These confraternities concerned themselves almost exclusively with the souls of deceased members and benefactors, while the distinguishing mark of the later associations is their foundation for all poor souls. Provision for burials was first made by “La Cornpagnia della Pieta”, founded in Rome, 1448 (cf. A. Berignani in “Archivio stereo R. di Stor. Patr.”, XXXIII, 5 sqq.), and nearly related to the confraternities here described. In the newly-erected church of the German cemetery (Campo Santo), a confraternity, “in honor of the bitter Passion of Christ and of the Sorrowful Mother, to comfort and assist all the faithful souls” was erected (1448) by the penitentiary, Johannes Goldener of Nuremberg, later titular Bishop of Accon and Auxiliary Bishop of Bamberg (cf. De Waal, “Der Campo Santo der Deutschen zu Rom”, Freiburg, 1896, pp. 46 sqq.), and in 1579 raised by Gregory XIII to an archconfraternity, enriched with new indulgences, and empowered to aggregate other confraternities throughout the world (loc. cit., 107 sqq.). Although it has undergone many changes, this confraternity still exists, combined towards the end of the nineteenth century with a special Requiem Mass Association for assisting souls of deceased members (loc. cit., 307; cf. Beringer, “Die Ablasse”, 13th German ed., 1906, pp. 685 sqq.), and it is the first purgatorial society according to the present meaning of the name. The “Black Penitents”, who marched in procession through Rome under the banner of mercy, were founded in 1488 to assist before execution those condemned to death, and afterwards to provide for their burial, exequies, and Requiem Mass [cf. Raynald, “Annales”, XI (Lucca, 1754), 178 sq. ad an. 1490]. The Confraternity of Our Lady of Suffrage (S. Maria del Suffragio) existed in Rome from 1592 expressly for the relief of the poor souls. It had numerous members, and since 1615 has aggregated other confraternities with the same object (Deer. auth. S. C. Indulg., n. 83, p. 67; Moroni, II, 309; LI, 328).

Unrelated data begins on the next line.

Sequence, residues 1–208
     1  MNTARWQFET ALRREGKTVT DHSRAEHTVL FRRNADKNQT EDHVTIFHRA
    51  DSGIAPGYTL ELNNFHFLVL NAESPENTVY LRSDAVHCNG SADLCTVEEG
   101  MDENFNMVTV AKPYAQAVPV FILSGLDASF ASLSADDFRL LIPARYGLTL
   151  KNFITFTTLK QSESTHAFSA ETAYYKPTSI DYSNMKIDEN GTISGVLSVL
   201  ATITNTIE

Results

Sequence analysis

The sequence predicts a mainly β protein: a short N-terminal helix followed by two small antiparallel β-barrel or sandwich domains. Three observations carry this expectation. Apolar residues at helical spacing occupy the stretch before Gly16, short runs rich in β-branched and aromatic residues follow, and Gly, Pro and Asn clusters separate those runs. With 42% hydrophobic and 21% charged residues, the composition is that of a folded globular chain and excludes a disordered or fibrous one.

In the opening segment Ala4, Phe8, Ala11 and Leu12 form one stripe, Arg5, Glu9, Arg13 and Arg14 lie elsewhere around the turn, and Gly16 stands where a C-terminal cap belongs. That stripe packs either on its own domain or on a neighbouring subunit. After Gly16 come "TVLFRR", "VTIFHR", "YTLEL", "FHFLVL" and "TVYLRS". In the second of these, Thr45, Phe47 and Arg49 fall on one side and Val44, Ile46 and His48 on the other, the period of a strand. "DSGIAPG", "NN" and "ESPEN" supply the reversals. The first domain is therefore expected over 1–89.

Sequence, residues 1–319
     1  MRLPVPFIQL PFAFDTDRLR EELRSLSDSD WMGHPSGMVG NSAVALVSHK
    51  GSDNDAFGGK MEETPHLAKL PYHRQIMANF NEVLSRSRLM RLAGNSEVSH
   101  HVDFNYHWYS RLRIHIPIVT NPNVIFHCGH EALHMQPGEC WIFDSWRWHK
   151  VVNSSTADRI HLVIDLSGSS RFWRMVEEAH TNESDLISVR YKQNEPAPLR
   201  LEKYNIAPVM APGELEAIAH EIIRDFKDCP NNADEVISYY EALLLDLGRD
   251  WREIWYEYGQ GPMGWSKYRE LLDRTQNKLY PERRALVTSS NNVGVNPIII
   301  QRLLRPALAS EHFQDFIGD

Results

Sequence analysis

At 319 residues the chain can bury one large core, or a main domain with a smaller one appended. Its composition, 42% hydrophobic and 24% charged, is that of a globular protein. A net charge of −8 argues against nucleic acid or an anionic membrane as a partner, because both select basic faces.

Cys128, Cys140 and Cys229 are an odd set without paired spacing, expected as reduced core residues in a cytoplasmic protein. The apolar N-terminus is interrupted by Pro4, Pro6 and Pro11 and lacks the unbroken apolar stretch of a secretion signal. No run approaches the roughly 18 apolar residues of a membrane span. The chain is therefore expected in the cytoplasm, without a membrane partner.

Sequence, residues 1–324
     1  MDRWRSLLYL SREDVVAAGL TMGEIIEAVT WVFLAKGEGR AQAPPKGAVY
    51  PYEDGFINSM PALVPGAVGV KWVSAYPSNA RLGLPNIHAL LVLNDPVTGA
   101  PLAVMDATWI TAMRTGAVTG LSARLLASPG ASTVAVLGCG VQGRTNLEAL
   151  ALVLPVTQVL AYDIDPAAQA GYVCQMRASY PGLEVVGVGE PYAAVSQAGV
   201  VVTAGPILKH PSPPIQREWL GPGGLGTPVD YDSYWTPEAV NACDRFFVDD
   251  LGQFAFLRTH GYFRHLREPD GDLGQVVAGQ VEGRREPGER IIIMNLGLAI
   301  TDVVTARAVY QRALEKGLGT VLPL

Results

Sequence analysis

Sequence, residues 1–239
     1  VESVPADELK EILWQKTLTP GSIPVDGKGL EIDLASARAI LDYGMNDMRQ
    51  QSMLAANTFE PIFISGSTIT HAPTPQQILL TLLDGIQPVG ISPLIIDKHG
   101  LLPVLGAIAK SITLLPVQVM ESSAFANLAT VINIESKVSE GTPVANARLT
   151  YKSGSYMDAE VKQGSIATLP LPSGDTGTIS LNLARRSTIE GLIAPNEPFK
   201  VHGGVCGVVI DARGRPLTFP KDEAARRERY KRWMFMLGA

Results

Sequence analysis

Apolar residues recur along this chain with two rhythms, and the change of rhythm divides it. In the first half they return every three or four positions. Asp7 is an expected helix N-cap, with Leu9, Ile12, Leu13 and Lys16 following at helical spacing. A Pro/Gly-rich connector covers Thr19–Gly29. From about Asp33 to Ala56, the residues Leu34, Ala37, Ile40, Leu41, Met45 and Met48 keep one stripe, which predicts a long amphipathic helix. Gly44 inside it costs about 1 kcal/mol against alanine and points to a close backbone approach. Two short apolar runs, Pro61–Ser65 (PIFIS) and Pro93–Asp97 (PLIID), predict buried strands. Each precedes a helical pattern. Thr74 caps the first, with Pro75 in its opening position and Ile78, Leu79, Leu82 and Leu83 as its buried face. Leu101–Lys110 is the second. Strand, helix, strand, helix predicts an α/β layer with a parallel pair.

The Archconfraternity of Death and Prayer (mortis et orationis), founded in Rome, 1538, to provide for the burial of the poor and abandoned, still exists (cf. Berignani, loc. cit.); at the beginning of the seventeenth century it was granted new indulgences by Paul V (Rescr. auth. S. C. Indulg., n. 26, pp. 448 sqq.; Moroni, II, 303). About 1687 the rules of a special confraternity “for the Relief of the Most Needy Souls in Purgatory” under the invocation of the Sacred Names of Jesus, Mary, and Joseph were approved in Rome (Moroni, XVI, 130). The confraternity for the relief of the departed under the title of “Jesus Christ on Mount Calvary and the Sorrowful Mother” enjoyed special popularity and inaugurated, September 8, 1760, the processions of the Way of the Cross in the Roman Coliseum; among its illustrious members was St. Leonard of Port Maurice (Rescr. auth. Summ. 39, pp. 497 sqq.; Moroni, loc. cit.). The Ingoldstadt Mass Association, formed by the Franciscans of Ingoldstadt in 1726 to procure for all members the grace of a happy death and for those already deceased speedy assistance and liberation from the pains of purgatory, was erected into a formal ecclesiastical confraternity under the title of the Immaculate Conception in 1874. An ancient, highly venerated picture of the Mother of God was adopted as the titular picture of the association, which has received all the indulgences of the confraternity of the same name in the Ara Caeli at Rome, i.e. the indulgences of the Blue Scapular (Rescr. auth. n. 393; Summ. 58, pp. 580 sqq.). It numbers its members by tens and hundreds of thousands; almost 2000 Masses are daily celebrated for the intentions of the Marian Mass Association, which includes the intention of particularly assisting the most recently deceased members.